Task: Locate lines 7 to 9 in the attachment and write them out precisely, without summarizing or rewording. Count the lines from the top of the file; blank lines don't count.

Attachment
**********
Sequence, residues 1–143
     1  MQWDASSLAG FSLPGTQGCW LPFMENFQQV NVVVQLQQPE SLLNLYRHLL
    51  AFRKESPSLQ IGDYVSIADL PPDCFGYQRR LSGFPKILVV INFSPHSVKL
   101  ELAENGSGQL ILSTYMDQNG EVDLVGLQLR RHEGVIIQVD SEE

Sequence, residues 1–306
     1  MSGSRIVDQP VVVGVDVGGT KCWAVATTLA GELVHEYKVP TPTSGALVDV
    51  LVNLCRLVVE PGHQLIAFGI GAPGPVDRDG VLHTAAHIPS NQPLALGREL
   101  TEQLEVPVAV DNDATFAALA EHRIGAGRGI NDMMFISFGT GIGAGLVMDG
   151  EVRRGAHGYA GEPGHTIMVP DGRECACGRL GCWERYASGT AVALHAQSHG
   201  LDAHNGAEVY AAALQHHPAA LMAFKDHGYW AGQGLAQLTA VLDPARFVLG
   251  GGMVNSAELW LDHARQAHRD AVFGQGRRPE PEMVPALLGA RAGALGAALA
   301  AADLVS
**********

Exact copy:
    51  LVNLCRLVVE PGHQLIAFGI GAPGPVDRDG VLHTAAHIPS NQPLALGREL
   101  TEQLEVPVAV DNDATFAALA EHRIGAGRGI NDMMFISFGT GIGAGLVMDG
   151  EVRRGAHGYA GEPGHTIMVP DGRECACGRL GCWERYASGT AVALHAQSHG